You might know that Ethiopians fast for 40 days prior to Christmas; a period of abstinence broken daily by a platter of vegan dishes. You might not know that these dishes are available at Gursha, on the Palm Jumeirah’s Club Vista Mare.
Slipped in at the end of a row of restaurants, Gursha – ‘mouthful’ in Amharic – provides an authentic hit of Ethiopian cuisine. Our waiter, Addis (“like our capital city”, he proudly proclaims) serves us with grace, knowledge and is quick to make recommendations based on his own preferences.
The menu features traditional Ethiopian meat dishes – dominated by a variety of cubed beef dishes – the section of aforementioned vegan fare, and a section entitled ‘Ferenji Style’ (foreigner), which includes their take on seabass, steak, and lamb. All are served as small dishes, designed to share. African tapas, if you will.
The most popular dish, we are told, is the ‘Taste of Ethiopia’ platter – a selection of each of the vegan items which locals eat daily during that fasting period.
There’s no hidden vegan food agenda here, though – just tasty food, served well.
Fast service means we are presented with our choice of three starters shortly after we’ve taken in the surroundings – cool art and carpets hanging from the ceiling, music with a reggae bent and warm, welcoming furniture. We opt to sit outside, though, enjoying the remnants of the cooler weather and the ocean view, bathed under strings of twinkling white bulbs.
Azifa, qatenga and buticha bites arrive, and we like the presentation. Injera is the ubiquitous bread served with everything Ethiopian. Think the gooey centre of a Sri Lankan hopper, mixed with a pancake. They are made with teff flour, and are spongey, vinegary and delicious.
Here, injera bread is rolled, mixed with a herby butter and a spiced mint yogurt, to make qategna. Unusual texture, with a slight spicy punch, this is three mouthfuls we’d already come back for.
Buticha bites should be adopted into Middle Eastern cuisine quickly. Described as deep-fried chickpea balls, we were expecting something like a falafel. But these rounds are filled with a smooth, silky paste, like a gooey, tomatoey hummus, and served drizzled with coriander and lemon yoghurt, atop a rustic tomato sauce. Comfort food, perfect as a snack, and extremely moreish. Buticha is a spiced chickpea spread, served with a lot of traditional meat dishes. It’s good to see this modern twist, and we want the recipe.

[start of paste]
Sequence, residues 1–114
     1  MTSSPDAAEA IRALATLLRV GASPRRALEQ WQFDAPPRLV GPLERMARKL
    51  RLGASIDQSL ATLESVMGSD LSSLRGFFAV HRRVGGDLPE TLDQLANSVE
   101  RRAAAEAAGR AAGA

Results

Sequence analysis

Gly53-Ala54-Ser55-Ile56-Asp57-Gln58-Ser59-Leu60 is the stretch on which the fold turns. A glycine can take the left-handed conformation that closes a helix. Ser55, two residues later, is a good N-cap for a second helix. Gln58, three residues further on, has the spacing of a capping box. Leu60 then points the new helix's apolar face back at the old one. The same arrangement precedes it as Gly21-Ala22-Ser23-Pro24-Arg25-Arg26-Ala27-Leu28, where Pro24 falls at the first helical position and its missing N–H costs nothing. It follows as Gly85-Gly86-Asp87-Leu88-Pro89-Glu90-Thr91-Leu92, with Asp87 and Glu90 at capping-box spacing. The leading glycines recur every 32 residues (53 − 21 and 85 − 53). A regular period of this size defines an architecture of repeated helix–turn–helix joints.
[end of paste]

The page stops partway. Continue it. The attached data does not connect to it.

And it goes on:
Azifa, the lentil salad, also had a good zing to it, but was the least exciting of the starters. A cold lentil ‘mush’, the grey tone and texture was a little off-putting. Yet the flavour still won us over.
While menu highlights include the famous dish, doro wat (chicken curry and eggs), we thought we’d get truly down with the vibe and go for the “Taste of Ethiopia” platter.
It turned out to be a dish fit for royalty. Served on an injera-bedecked plate which nearly swamped our two-seater table, this is like a thali without the annoying little silver pots. The bread acts as plate and cutlery. We were offered cutlery, but went for the true visceral experience of digging in by hand, using the spongey bread to mop up the morsels.
Shiro is a dark, delicious chickpea stew. Onions, tomatoes, garlic and Ethiopian chili-based spice (Berbere) are the norm for this concoction, but we didn’t ask, we just devoured. Tikel gomen was a generous serving of almost luminous yellow cabbage, carrot and potato, while gomen is a bang-on-trend (though millennia old in Ethiopian cuisine) kale dish which was gone in seconds.
Kik alecha and misir were both very similar to daal – red and yellow, with the red version packing a more smoky, chili punch. Fosolia was a blend of stir-fried string beans, carrots and onions, while the star of the platter for us – at least, for its unusual, salty, tangy taste, was the suf fitfit. Nice to say, better to eat, this is injera (again) in a sunflower gravy, served mixed with fresh chopped tomato and a vinegary, lemony twang.
Desserts include teff and banana fritters, which were a delight. Crunchy, warm and not too sweet or heavy, while a healthy fruit platter rounded off the meal beautifully.
If you’re fairly new to Ethiopian cuisine, like we are, you’ve been missing out. It’s healthy (teff flour is considered one of the world’s healthiest carbs, and is also gluten-free), a little different and weaves Indian and Arabic influences into its own delicious food. Give it a try – you may well see us there.
Gursha, Club Vista Mare, Palm Jumeirah.
Call 04 5542665